Can we not see darkness and ignorance gathering force when at the finest university in the world, Mozart and the soaring edifice that is Western music are gravely imperiled?  Can we not see that music is sent from on high to help us, to give us an intimation of paradise that takes us beyond what Dante called the "festering little threshing floor which by its very petty scale incites humanity's ferocity"?

Or will academia empower the destruction of the towering accomplishment that is Western music?

Oxford must decide.

As the gathering darkness of Mao's cultural revolution gradually descended on China, my friend and colleague Samuel Hsu and his family emigrated to America.  At age nine, Sam was a student at Shanghai Conservatory and at fifteen played Grieg's piano concerto with the Hong Kong orchestra.  Sam, whose Chinese name means "One who builds up the Light," was a gifted pianist and a polymath.  I was fortunate enough to have him accompany me in several recitals. After his sudden death, I was asked to sing his favorite Strauss lied at his memorial service.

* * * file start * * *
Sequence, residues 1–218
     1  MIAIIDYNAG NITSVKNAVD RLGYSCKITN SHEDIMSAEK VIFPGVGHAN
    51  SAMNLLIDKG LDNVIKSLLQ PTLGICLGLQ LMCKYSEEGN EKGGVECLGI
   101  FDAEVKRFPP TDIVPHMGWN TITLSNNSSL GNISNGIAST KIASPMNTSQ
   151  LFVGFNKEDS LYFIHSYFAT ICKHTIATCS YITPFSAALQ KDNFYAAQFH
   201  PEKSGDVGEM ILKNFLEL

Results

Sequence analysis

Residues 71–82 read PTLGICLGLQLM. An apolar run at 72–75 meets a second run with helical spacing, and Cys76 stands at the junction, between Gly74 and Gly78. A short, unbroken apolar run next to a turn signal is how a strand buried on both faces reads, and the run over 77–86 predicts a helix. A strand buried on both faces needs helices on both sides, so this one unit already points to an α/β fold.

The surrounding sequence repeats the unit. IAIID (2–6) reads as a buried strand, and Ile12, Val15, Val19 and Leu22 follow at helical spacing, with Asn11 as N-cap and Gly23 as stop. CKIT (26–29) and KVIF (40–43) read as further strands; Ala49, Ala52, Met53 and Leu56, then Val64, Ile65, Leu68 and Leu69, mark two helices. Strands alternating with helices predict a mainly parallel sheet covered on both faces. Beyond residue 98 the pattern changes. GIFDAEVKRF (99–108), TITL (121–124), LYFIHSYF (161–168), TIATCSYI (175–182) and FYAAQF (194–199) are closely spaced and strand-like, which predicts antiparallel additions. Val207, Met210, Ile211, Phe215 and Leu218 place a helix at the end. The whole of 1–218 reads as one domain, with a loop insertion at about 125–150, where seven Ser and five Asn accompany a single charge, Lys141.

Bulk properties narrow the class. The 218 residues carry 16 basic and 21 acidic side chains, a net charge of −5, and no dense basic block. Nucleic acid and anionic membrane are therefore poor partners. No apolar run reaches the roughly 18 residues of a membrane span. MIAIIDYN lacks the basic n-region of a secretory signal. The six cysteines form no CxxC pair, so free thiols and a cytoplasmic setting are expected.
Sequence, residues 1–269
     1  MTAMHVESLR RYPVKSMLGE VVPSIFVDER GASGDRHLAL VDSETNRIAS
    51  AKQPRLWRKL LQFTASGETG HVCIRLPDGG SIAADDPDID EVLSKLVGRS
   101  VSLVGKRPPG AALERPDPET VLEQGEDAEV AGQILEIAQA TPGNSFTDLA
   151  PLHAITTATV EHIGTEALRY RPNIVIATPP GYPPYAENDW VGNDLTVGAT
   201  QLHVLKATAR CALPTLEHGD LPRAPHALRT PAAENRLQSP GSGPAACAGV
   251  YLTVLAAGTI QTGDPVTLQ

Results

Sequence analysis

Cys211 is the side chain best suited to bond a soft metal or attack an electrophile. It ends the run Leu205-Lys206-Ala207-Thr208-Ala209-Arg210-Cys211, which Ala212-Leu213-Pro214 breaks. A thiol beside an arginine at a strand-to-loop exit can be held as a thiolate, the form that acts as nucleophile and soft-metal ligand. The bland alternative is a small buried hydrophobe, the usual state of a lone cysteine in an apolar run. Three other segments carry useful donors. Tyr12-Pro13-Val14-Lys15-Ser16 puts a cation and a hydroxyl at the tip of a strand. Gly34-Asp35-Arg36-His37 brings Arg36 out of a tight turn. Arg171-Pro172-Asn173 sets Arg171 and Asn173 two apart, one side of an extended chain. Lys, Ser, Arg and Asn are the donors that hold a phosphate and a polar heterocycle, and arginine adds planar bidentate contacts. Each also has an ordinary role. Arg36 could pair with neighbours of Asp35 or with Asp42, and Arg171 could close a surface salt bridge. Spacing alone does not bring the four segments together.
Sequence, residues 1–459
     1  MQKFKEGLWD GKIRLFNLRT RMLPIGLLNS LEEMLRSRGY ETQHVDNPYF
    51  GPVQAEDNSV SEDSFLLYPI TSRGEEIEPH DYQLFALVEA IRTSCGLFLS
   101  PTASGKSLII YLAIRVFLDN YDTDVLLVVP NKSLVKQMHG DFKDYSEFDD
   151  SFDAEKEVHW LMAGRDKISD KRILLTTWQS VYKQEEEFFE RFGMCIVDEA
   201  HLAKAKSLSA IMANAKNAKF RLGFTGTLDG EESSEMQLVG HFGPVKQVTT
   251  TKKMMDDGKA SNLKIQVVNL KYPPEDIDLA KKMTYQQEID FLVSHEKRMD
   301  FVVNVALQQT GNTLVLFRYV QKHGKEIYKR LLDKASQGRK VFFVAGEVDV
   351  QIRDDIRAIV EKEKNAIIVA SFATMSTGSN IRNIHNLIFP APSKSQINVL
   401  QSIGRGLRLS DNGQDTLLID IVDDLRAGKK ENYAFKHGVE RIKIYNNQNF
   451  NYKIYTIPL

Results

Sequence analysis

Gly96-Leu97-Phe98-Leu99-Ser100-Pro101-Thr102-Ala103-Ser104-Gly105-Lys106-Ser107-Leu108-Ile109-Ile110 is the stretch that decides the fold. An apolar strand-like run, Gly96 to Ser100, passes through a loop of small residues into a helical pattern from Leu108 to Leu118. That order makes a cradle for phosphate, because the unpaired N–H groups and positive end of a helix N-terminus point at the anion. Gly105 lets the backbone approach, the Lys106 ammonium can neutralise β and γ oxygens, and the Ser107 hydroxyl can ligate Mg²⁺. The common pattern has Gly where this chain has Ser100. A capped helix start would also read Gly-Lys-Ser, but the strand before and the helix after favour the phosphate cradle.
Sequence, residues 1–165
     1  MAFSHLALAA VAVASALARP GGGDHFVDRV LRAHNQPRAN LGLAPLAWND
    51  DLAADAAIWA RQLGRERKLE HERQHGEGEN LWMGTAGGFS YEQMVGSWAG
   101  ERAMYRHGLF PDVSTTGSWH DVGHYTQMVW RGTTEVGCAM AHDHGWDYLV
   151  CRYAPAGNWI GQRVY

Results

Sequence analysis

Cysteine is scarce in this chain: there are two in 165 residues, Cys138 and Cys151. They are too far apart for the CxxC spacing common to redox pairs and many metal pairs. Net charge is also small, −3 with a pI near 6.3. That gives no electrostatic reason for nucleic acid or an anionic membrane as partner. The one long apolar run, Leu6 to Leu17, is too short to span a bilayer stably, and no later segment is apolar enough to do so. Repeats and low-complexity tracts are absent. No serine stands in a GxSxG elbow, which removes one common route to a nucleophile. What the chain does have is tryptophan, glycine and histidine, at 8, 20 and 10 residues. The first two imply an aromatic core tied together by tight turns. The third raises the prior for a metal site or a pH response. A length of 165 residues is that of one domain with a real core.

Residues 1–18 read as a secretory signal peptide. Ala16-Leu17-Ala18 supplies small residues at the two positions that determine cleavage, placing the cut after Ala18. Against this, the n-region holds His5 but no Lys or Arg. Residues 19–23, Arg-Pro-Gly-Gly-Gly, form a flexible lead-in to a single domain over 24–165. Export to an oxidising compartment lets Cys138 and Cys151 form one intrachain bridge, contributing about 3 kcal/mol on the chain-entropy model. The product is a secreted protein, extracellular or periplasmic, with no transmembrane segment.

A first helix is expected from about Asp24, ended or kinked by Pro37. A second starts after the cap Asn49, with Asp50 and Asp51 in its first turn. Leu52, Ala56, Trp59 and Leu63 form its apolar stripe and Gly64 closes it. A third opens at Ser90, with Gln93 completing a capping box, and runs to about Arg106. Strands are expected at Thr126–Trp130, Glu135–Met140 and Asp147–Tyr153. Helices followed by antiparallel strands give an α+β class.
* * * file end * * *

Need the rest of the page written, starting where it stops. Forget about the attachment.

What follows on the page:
Sam, who loved Debussy's music, returned to China in 2007 along with violinist Xiao-Fu Zhou, where Sam presented a homecoming recital at the Shanghai Conservatory.  There was a first-rate piano waiting for him to bring the light of Western music to an appreciative audience.

Today, one can only wonder if he would be welcome to play his beloved Debussy at Oxford University.

Fay Voshell holds a M.Div. from Princeton Theological Seminary, which awarded her the prize for excellence in systematic theology.  She is a classically trained soprano.  Her thoughts have appeared in many online magazines.  She has been a regular contributor to American thinker for a decade and may be reached at fvoshell@yahoo.com.

Image via Pikrepo.